Working as a jockey has the feel of a job that is for the young, largely on account of the physical toll that you have to put yourself through to do it. The riding of the horses and learning to take a fall is physically exhausting, but so is needing to keep your weight below a certain amount and having to get up early in the morning. Of course, what constitutes ‘old’ and ‘young’ will be a matter of personal opinion and will differ from case to case.
Even so, one way of identifying whether a jockey is old is by looking at the average age of jockeys and seeing where someone fits in that bracket. If most jockeys were to retire from the sport at 25, for example, then one who is 40 would be considered old in comparison. Equally, if most jockeys retire are 50 then a 40-year-old would be considered a whippersnapper. Here’s a look at the oldest jockeys history has to offer.
What Is A Jockey’s Average Retirement Age?
The reality of horse racing is such that flat racing is much less demanding than jump racing, meaning that jockeys can last that little bit longer in one discipline over the other. Take Frankie Dettori as an example, born in 1970 he has raced into his 50’s and continued to win the biggest races throughout. The very act of getting a horse to jump and then taking in a landing means that National Hunt racing asks physical demands of jockeys that staying on the flat will simply never do. Jockeys begin their careers aged between 16 and 22, though they’ll have started riding sooner than that.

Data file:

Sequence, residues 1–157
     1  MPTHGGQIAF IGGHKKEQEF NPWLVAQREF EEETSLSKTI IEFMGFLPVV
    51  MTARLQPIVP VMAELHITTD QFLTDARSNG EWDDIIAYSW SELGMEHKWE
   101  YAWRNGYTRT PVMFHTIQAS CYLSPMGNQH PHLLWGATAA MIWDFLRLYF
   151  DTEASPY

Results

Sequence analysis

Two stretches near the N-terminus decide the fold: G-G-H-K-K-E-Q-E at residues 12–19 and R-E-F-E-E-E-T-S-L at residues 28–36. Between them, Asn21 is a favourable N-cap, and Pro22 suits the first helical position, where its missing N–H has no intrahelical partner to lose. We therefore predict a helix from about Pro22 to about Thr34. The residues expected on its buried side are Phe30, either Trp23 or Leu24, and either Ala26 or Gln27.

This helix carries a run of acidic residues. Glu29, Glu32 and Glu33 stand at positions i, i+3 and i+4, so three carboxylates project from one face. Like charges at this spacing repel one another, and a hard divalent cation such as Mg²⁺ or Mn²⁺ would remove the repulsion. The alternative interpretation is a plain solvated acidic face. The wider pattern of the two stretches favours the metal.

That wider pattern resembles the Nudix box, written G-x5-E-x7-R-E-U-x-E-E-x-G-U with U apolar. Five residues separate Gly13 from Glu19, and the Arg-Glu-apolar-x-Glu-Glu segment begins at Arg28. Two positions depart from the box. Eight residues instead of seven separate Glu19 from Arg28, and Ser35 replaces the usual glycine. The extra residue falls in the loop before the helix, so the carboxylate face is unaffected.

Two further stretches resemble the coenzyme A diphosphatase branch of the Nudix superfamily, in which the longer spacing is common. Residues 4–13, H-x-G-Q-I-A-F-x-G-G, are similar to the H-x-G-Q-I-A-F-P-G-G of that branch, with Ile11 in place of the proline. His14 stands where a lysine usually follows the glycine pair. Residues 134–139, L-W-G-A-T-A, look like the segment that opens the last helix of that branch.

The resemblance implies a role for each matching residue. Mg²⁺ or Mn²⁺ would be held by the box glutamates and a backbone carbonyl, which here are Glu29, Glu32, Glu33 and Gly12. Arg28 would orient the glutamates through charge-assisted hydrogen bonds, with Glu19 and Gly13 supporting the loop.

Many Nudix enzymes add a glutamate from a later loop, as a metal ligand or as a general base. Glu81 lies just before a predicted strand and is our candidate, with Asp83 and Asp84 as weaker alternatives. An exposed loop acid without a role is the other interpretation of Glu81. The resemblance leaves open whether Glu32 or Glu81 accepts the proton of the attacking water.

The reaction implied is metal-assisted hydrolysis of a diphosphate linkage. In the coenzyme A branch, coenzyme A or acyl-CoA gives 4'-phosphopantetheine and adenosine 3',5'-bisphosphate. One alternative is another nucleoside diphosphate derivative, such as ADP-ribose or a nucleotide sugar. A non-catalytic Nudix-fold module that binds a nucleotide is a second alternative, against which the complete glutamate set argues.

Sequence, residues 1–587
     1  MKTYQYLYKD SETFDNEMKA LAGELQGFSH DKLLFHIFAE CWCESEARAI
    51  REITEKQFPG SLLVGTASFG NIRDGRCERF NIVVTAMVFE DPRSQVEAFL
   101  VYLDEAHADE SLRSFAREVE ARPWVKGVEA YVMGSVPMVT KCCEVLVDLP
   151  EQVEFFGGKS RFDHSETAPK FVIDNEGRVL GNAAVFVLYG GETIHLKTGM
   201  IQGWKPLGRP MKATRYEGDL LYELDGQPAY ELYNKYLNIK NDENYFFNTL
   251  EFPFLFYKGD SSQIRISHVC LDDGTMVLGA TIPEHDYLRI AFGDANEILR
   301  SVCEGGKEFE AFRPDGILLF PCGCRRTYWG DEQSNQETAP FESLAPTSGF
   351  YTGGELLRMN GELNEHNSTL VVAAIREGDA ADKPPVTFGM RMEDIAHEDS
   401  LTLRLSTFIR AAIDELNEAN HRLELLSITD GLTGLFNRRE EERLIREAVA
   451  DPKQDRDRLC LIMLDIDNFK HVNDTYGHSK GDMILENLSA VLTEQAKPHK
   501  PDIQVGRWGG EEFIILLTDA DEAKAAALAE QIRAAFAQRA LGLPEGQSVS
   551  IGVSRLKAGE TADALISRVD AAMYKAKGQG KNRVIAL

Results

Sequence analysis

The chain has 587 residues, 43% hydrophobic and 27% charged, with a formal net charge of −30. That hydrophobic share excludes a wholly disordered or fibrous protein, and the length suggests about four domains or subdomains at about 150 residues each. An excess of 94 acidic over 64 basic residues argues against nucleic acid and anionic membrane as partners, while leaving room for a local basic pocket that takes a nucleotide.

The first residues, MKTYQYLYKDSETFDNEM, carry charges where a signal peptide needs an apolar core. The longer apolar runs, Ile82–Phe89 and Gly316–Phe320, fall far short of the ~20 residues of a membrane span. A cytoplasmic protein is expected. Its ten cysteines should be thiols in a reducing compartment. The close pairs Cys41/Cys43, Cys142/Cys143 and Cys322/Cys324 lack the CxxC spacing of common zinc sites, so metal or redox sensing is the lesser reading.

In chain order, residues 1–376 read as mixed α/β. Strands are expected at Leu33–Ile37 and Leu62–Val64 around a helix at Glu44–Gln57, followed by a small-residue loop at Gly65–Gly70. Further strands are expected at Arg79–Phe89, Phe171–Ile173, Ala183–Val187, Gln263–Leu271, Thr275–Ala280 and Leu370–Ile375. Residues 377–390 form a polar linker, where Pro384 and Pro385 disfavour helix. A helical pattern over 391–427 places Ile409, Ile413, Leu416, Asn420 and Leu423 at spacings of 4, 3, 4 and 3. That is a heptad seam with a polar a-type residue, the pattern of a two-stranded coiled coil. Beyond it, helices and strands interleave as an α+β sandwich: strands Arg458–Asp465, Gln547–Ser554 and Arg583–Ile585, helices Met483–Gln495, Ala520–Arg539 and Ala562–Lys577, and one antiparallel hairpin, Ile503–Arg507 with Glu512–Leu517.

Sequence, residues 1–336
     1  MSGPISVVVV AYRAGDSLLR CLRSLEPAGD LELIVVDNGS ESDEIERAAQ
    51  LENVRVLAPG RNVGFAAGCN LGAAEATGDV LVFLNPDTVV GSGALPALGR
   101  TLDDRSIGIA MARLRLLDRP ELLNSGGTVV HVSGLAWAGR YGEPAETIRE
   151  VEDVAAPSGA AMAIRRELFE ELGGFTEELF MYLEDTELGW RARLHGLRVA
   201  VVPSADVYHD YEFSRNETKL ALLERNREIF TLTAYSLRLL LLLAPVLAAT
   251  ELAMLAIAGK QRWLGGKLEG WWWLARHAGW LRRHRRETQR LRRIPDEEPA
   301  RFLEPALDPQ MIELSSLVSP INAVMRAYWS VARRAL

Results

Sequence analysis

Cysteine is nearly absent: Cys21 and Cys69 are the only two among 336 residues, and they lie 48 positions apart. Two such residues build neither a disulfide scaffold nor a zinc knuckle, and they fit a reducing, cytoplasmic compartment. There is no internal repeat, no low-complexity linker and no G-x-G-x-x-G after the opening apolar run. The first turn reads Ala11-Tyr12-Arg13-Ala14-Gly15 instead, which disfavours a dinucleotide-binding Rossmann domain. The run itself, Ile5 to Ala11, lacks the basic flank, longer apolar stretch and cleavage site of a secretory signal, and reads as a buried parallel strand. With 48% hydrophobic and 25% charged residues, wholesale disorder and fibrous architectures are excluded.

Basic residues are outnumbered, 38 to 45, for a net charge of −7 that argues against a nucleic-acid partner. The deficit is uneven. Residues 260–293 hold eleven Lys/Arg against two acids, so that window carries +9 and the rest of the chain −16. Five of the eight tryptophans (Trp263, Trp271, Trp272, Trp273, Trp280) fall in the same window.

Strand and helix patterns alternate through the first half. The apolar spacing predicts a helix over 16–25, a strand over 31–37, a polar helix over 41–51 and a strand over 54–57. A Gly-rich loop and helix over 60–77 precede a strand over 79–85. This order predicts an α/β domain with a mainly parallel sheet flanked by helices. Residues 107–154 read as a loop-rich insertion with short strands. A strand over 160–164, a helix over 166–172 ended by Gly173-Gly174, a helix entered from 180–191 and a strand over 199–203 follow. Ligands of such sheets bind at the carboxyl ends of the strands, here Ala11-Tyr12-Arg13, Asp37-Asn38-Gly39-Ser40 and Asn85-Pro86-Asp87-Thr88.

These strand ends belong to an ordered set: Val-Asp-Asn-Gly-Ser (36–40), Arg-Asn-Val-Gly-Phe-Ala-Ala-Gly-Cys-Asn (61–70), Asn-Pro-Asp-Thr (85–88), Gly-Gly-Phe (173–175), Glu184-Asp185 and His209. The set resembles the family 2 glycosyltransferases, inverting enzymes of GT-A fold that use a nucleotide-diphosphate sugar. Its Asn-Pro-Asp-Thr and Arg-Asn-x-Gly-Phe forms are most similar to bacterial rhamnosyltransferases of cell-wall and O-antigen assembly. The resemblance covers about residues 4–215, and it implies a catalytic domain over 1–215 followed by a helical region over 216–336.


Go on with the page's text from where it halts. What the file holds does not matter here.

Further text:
Working as a jockey is not a career that has a strict upper age, so it’s just a matter of whether or not those taking part in it feel as though they can cope with the rigours of the sport once they have passed a certain point. Jump jockeys will usually start to consider retirement at about the age of 35, whilst flat racing jockeys will often last for about ten years longer. That doesn’t meant that there aren’t jump jockeys that are older than that, of course.
As jockeys age, maintaining the correct levels of physical fitness becomes harder and harder. A jockey’s day will often start early in the morning and last for many hours, including a fair amount of travel, so it’s not uncommon for that to start to take its toll over the years. There’s also the fact that the average are of a jockey will differ from country to country, making it hard to pin-point an accurate average age.
The Standout Older Jockeys
When we’re considering the plight of a jockey, it’s worth looking at the fact that there’s a difference between a jockey that is slightly older than the average and one that is so old that they make the news. John Forth, for example, won the Epsom Derby in 1829; on its own hardly a fact worthy of mentioning, until you realise that he was born in 1769, meaning that he was 60-years-old when he did so.
Here we’re looking at the jockeys that not only decided that age is just a number but that actively ignored the point at which most of their peers were retiring. We’re looking for interesting stories that help to set them apart from the rest. Ruby Walsh retired from the sport when he was 40, for example, which is old for a jump racing jockey, but it’s hardly as headline grabbing as the sheer number of wins that he enjoyed in his career.
Lester Piggott – Retired At 59
One of the most famous names in horse racing kept on riding on the flat until he was 59. Considered by many to be one of the sport’s greatest names, he was aged a mere 12 when he achieved his first win at Haydock Park in a race called ‘The Chase’. That was in 1948, but he kept on riding well after that and was so good that he was named the Champion Jockey 11 times during his racing career.